A colorful mural that features giraffes peeking over a fence and individual rooms that blend the latest technology with a family space are all part of the renovated pediatrics department at St. Vincent Healthcare.
The $3.2 million renovation was revealed Tuesday afternoon during a ribbon cutting and tours of the fourth floor unit at the Billings hospital newly named the Paul Metzger Pediatric Center of Excellence.
Chief Operating Officer Michael Skehan told the group on hand for the ceremony that the renovated department meshes closely with a hospital goal.
“One of the missions we have at St. Vincent Healthcare is to keep kids and families local, (knowing) the burden that exists when kids and their families have to travel far away to receive care,” Skehan said.
The remodeled unit will allow more families to remain close to home when a child is critically ill, he said.
“For those of us that work here, we’ve been so proud of the quality of care for so long,” Skehan said. “And now we feel like we’ve finally got a physical space that’s in parity with that quality of care.”
He acknowledged the generosity of Metzger, who, when he died in 2014 at the age of 97, left his entire $38 million estate divided between St. Vincent Healthcare and Billings Clinic.
That money “will have a lasting legacy for St. Vincent Healthcare and our patients,” Skehan said.
Todd Preston, senior vice president with D.A. Davidson in Billings and Metzger’s financial adviser, talked a bit about the man who donated what at the time was the largest single gift either hospital had received.
Metzger, who had an eighth-grade education, lived on a farm south of Billings on land his parents homesteaded. Preston called him “the millionaire next door” who drove a Buick and was a gentleman, always wearing a hat, a coat and a tie.
He was a frugal man, had a dry sense of humor and loved history, easily throwing out dates and places of memorable moments.
“He wanted to do something that would make a difference in the community,” Preston said. “He wanted the money to stay local.”
Metzger gave free reign to the hospitals to use the money as they saw fit. When former St. Vincent Foundation President David Irion got a suggestion to use they bequest to support children’s services, “Paul was so excited about that,” Preston said.
“And so now we’re kind of seeing the fruits of that labor,” he said.
During a tour of the updated pediatric intensive care unit, Amber Pisk, nurse manager of the pediatrics department, showed visitors one of the five rooms. Previously, the PICU comprised five beds in two large rooms, which weren’t very accommodating to families.
Now, the unit is broken up into five large, separate rooms with updated technology and colorful, functional furniture and artwork. A couch in one corner converts into a bed for parents who stay overnight.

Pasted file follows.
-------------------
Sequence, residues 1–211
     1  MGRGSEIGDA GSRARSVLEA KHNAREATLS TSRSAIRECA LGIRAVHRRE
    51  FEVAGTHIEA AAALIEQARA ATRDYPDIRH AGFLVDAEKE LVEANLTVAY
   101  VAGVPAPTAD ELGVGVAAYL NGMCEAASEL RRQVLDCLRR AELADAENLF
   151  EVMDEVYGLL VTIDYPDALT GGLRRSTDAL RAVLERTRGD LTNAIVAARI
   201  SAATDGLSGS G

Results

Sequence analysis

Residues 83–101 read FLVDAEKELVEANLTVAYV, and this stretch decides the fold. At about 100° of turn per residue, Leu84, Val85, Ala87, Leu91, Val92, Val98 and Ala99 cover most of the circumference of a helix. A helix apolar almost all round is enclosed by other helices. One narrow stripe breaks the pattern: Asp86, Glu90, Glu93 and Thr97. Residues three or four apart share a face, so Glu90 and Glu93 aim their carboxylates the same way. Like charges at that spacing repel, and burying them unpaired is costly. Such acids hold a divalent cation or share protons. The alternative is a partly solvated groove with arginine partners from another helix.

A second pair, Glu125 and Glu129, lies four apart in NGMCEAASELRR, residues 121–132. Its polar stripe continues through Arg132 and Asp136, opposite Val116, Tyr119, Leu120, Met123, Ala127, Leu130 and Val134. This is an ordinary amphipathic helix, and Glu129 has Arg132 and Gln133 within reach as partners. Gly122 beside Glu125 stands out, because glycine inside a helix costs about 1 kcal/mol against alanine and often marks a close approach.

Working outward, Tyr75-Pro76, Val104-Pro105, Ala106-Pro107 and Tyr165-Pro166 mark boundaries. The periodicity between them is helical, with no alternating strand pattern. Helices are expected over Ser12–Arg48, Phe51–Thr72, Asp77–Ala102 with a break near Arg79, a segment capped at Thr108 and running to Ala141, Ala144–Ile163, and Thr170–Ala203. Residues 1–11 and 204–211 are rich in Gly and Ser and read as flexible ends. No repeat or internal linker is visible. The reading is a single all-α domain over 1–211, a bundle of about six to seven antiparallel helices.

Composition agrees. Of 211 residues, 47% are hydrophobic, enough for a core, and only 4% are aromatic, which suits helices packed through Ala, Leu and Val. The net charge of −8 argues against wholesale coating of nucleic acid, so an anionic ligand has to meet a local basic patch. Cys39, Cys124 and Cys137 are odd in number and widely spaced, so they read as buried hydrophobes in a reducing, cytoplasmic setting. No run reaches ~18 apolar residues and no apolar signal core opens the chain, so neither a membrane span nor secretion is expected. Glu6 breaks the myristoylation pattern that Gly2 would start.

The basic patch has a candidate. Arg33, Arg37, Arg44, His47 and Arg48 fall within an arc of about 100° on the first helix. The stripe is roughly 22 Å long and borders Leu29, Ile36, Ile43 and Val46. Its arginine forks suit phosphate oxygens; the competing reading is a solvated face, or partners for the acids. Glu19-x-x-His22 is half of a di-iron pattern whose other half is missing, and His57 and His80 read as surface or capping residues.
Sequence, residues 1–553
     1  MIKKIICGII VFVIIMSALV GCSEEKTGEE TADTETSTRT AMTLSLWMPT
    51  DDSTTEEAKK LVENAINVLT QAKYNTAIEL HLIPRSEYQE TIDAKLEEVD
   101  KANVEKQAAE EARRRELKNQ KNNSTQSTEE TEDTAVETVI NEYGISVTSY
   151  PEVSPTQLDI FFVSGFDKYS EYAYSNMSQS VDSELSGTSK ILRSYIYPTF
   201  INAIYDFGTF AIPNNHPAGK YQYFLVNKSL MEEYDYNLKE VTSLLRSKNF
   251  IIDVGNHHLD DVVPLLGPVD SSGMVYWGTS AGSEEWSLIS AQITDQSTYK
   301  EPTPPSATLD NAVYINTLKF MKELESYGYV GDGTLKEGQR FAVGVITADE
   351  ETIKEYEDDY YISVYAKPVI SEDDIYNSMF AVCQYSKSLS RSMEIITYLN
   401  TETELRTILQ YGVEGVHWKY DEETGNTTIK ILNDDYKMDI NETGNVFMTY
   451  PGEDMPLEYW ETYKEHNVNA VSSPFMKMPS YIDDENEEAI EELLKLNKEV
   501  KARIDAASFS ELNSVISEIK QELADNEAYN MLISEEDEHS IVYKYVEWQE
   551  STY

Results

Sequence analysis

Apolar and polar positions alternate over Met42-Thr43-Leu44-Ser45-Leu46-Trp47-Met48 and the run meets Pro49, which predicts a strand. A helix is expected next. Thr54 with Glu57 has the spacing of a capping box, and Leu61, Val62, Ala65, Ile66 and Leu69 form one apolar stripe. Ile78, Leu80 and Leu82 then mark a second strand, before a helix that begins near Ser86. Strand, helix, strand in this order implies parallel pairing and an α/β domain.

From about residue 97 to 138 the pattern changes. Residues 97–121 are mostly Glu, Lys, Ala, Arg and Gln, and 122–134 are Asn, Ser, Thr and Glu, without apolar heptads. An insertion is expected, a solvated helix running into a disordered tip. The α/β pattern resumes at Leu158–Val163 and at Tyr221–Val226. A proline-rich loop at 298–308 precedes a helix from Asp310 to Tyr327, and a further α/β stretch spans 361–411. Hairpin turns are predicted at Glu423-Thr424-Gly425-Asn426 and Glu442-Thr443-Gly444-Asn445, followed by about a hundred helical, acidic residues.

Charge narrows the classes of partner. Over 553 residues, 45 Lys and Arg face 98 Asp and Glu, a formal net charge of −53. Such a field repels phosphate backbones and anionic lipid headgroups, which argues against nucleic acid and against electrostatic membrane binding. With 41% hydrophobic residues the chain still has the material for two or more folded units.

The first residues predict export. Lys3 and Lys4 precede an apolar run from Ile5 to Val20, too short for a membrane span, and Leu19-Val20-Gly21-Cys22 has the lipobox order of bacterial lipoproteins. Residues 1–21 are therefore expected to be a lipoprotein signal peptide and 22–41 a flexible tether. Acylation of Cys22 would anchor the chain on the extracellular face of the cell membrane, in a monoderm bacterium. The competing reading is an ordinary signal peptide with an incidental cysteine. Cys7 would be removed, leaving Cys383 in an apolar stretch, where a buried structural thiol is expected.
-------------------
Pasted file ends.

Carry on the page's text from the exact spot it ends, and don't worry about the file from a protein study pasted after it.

“So we can fit all the equipment needed for critically ill children, plus family spaces so they’re places where families can be here 24/7 while their children are sick,” Pisk said.
In addition to the upgraded PICU, the 11 inpatient pediatric rooms received aesthetic updates. A zoo theme flows throughout the department, Pisk said.
A playroom for hospitalized children well enough to be up and around was also added to the floor. It includes a kid-sized kitchenette, a bin filled with different toys and other toys.
Zoe’s Therapy Room was paid for by donor Dorothe Fisher, who was joined Tuesday by her goddaughter, Deirdre McNamer. The room was named in honor of McNamer’s daughter, Zoe, who died in 2013 at age 3 in a car crash near Laurel.
Fisher said from the moment she heard about the renovation she decided “this has to be Zoe’s.”
One distinctive feature of the room are the origami cranes arranged and mounted in shadow box frames. After Zoe’s death, the community of Red Lodge, where McNamer lives, wanted to do something to honor the little girl’s memory.
“And it kind of spontaneously happened that a friend started folding cranes in her honor and it just kind of spread that a group started folding them and teaching other people to fold,” McNamer said. “And then they made it a goal of folding a thousand cranes in her honor.”
The Japanese tradition is ancient. It was popularized when a young Japanese girl, Sadako, who developed leukemia as a result of the nuclear radiation after World War II, began folding 1,000 cranes, hoping to recover from the disease.
Even though Sadako died, the tradition continues and a day of peace is held in her honor, McNamer said.
“People in Japan will try to fold a thousand cranes and take them to a peace park,” she said. “And it turns out that day of peace is Aug. 6, which happens to be Zoe’s birthday, and nobody knew that at the time they started this crane project.”